According to official figures, the Way Out alliance received some 122,000 votes (7.8% of the total), which translated into 9 seats in the 105 seat parliament (8.5%). Pashinyan was also a candidate in the 4th electoral district, which comprises the Kentron, Nor Nork, Erebuni, and Nubarashen districts of Yerevan. He gained the most votes (11,513) from the Way Out alliance, while coming third overall— after two Republicans, who each gained more than 20,000 votes.[166] He was thus elected from to the National Assembly from this constituency.[27] The bloc accepted the results which "on the whole formed as a result of voting by the citizens who took part in the elections." However, the party's official statement accused the ruling Republican party in using "illegal financial and administrative pressures" during the campaign. The statement said that "Tens of thousands of citizens were involved in the chain of vote bribe distribution and acceptance and there is an atmosphere of public tolerance towards that phenomenon, which is a time bomb planted under Armenian statehood." Pashinyan stated that "Money is Armenia's most popular politician."[167]

2017 Yerevan election

Pashinyan topped the list of the Way Out alliance in the 15 May 2017 Yerevan City Council election. He was, thus, the alliance's candidate for mayor of Yerevan.[168] He sought to challenge Taron Margaryan, the Republican Mayor.[169] Pashinyan strongly criticized the poor state of Yerevan's public transportation. His election campaign mostly consisted of house-to-house campaigning. He stated during the campaign, "You can rely on us in replacing this clan-based and corrupt rule in the capital by the people's rule."[170] To counter alleged vote buying by the Republican Party, Pashinyan made an election promise to provide residents of Yerevan 15,000 Armenian drams (~$31) for not taking bribes from the Republican Party if elected mayor. According to media reports, bribes by the ruling party averaged 10,000 drams (~$21). "We would introduce social aid for citizens coerced into taking vote bribes," said Pashinyan.[171] Other opposition parties criticized Pashinyan for the promise.[172] Way Out alliance came in second, garnering 21% of the vote.[173]

2018 revolution

As early as September 2017, Pashinyan declared that he found it unacceptable for Serzh Sargsyan to extend his rule as prime minister. He believed that hundreds of thousands of people would take it to the streets against Sargsyan's prolonged rule. Pashinyan assured that there is a political force that will "turn the people's will into political reality."[174] Despite the fact that Sargsyan promised not to be nominated as president or prime minister after his second presidential term, Pashinyan believed that the Republican Party had "already made a de facto internal decision to nominate" him.[175] Although all constituent parties of the Way Out alliance found Sargsyan's continued rule as prime minister—his "third term"—unacceptable,[176] there was a disagreement within the alliance whether street protests should be waged against it or not. The roadmap of Pashinyan's Civil Contract was not accepted by Bright Armenia and the Hanrapetutyun Party.[177] Pashinyan's partners were skeptical that the protest would attract large enough crowds. Edmon Marukyan went as far as saying Pashinyan was seeking "short-term glory," and instead advocated acquiring political leverage to keep Sargsyan's government in check.[178][179] Nevertheless, Civil Contract announced on 20 March 2018 that they will launch a movement against Sargsyan's "third term in office."[180] Vahram Baghdasaryan, the Republican leader in parliament, dismissed Pashinyan's declarations, saying that "Power is not a box which they can pick up. You need grounds to take power."[181]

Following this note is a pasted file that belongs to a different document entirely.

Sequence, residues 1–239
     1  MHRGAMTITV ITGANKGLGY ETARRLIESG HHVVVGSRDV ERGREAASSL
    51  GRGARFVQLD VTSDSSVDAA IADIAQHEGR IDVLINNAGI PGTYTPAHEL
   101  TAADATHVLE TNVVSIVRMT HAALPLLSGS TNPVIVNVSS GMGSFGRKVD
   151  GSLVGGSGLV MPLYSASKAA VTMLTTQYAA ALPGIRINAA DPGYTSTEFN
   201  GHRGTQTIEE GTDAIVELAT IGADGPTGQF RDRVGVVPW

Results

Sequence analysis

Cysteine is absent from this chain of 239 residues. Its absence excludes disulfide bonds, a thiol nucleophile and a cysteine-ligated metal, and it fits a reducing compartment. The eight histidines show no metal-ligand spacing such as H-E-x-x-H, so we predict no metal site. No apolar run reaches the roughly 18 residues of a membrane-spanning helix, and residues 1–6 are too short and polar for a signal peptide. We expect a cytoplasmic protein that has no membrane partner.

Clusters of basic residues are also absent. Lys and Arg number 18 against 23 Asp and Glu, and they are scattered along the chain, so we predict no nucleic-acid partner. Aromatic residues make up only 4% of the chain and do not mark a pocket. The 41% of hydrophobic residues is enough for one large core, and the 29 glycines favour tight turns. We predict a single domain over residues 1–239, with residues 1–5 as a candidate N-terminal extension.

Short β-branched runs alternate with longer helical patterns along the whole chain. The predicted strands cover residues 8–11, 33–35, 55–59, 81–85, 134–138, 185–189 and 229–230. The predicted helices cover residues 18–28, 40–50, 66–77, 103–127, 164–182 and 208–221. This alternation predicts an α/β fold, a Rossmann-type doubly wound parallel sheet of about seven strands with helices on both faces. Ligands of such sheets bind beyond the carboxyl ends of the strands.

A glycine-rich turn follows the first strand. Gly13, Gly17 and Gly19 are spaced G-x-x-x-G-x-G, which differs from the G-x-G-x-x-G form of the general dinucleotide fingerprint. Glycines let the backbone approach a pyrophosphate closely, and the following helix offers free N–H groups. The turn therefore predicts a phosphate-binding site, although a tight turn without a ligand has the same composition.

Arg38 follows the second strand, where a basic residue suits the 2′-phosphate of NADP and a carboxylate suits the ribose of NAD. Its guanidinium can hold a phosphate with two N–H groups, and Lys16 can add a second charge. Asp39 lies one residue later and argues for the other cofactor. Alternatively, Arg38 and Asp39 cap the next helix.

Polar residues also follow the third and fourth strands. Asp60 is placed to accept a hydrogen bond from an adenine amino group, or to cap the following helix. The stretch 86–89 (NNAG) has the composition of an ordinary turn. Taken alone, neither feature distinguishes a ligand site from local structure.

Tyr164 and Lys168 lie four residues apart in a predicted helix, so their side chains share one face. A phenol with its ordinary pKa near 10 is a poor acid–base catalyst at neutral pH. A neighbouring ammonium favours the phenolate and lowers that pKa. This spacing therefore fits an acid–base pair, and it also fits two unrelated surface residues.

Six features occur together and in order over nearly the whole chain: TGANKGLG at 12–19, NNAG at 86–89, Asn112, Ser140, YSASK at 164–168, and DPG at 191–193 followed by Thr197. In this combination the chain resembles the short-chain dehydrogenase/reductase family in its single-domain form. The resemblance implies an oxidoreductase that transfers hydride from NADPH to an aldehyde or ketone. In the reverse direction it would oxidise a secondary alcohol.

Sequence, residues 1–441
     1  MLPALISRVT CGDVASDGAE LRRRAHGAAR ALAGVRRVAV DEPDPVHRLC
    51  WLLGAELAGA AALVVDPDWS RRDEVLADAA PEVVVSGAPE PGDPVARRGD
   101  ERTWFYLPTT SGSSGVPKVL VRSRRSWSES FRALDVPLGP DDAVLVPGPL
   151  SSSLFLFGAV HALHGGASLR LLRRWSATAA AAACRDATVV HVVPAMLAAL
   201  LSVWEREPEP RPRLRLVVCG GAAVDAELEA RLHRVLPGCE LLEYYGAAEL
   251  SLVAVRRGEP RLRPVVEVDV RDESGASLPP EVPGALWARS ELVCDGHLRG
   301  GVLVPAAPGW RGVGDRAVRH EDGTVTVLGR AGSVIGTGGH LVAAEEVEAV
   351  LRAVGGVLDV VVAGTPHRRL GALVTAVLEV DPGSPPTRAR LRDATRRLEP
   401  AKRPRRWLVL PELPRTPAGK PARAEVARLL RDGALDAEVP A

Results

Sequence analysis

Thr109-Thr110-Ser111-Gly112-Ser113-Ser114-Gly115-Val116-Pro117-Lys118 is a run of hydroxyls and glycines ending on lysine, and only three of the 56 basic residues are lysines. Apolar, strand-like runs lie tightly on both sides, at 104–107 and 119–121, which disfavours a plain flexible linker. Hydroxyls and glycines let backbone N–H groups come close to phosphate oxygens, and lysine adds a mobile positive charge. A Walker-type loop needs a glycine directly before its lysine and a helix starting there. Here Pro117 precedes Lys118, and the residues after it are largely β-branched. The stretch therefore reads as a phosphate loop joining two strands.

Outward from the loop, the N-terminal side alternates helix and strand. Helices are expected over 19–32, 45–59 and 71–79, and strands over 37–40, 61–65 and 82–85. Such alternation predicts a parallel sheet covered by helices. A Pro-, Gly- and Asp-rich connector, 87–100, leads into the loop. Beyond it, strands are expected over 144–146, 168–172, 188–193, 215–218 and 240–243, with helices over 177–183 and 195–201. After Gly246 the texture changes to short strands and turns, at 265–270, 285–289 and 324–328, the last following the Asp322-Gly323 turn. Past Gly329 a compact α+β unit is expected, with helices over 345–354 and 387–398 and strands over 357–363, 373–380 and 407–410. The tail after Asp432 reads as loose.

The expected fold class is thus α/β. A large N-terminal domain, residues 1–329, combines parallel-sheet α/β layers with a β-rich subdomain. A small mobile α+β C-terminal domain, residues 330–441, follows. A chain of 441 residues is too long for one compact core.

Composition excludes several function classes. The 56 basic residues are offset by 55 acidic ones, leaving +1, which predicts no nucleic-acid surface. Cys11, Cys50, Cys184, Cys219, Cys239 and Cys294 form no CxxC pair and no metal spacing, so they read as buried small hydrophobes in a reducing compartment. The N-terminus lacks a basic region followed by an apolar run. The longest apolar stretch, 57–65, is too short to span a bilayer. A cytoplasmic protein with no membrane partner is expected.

Pashinyan on 13 April 2018 in Freedom Square, Yerevan at the end of his two-week-long march.


On 31 March, Pashinyan and a group of supporters began a march from Gyumri, Armenia's second largest city. The campaign, named "My Step", was declared with the intention to prevent Sargsyan's election as prime minister on 17 April. Pashinyan stated:[182]

Our action plan includes blocking roads, blockading buildings and generating the kind of civic activity that would enable us to go to the National Assembly and halt the work of the deceitful state and deceitful regime created by Serzh Sargsyan. We want to enable Armenia's citizens to speak up against Serzh Sargsyan's and the Republican Party's perfidy.

On 11 April, Lena Nazaryan and Ararat Mirzoyan, two MPs from Civil Contract set off smoke flares on parliament floor, calling them "our torch of freedom," at the parliament to publicize the moment further. It was called a "failed show" by the Republican party speaker.[183]

Protests and civil disobedience

Pashinyan surrounded by journalists in Yerevan.